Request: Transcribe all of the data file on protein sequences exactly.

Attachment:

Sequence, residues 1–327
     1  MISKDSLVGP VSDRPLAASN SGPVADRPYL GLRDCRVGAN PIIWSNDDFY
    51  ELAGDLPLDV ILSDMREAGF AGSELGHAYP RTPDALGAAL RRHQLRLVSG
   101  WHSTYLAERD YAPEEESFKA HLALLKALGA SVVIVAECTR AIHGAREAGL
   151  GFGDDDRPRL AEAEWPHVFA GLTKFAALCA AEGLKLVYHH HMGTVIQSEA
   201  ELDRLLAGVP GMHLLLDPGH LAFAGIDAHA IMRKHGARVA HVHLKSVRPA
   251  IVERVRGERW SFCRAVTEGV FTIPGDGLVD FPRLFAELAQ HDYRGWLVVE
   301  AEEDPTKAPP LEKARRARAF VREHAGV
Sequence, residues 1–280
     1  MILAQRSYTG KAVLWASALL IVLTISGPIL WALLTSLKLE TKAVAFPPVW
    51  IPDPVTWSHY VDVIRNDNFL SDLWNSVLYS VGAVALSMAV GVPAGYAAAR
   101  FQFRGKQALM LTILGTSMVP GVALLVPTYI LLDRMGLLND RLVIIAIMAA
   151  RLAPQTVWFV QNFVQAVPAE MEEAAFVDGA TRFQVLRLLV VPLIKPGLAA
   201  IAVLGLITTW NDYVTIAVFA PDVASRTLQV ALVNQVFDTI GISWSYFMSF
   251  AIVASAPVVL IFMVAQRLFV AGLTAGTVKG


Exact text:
Sequence, residues 1–327
     1  MISKDSLVGP VSDRPLAASN SGPVADRPYL GLRDCRVGAN PIIWSNDDFY
    51  ELAGDLPLDV ILSDMREAGF AGSELGHAYP RTPDALGAAL RRHQLRLVSG
   101  WHSTYLAERD YAPEEESFKA HLALLKALGA SVVIVAECTR AIHGAREAGL
   151  GFGDDDRPRL AEAEWPHVFA GLTKFAALCA AEGLKLVYHH HMGTVIQSEA
   201  ELDRLLAGVP GMHLLLDPGH LAFAGIDAHA IMRKHGARVA HVHLKSVRPA
   251  IVERVRGERW SFCRAVTEGV FTIPGDGLVD FPRLFAELAQ HDYRGWLVVE
   301  AEEDPTKAPP LEKARRARAF VREHAGV
Sequence, residues 1–280
     1  MILAQRSYTG KAVLWASALL IVLTISGPIL WALLTSLKLE TKAVAFPPVW
    51  IPDPVTWSHY VDVIRNDNFL SDLWNSVLYS VGAVALSMAV GVPAGYAAAR
   101  FQFRGKQALM LTILGTSMVP GVALLVPTYI LLDRMGLLND RLVIIAIMAA
   151  RLAPQTVWFV QNFVQAVPAE MEEAAFVDGA TRFQVLRLLV VPLIKPGLAA
   201  IAVLGLITTW NDYVTIAVFA PDVASRTLQV ALVNQVFDTI GISWSYFMSF
   251  AIVASAPVVL IFMVAQRLFV AGLTAGTVKG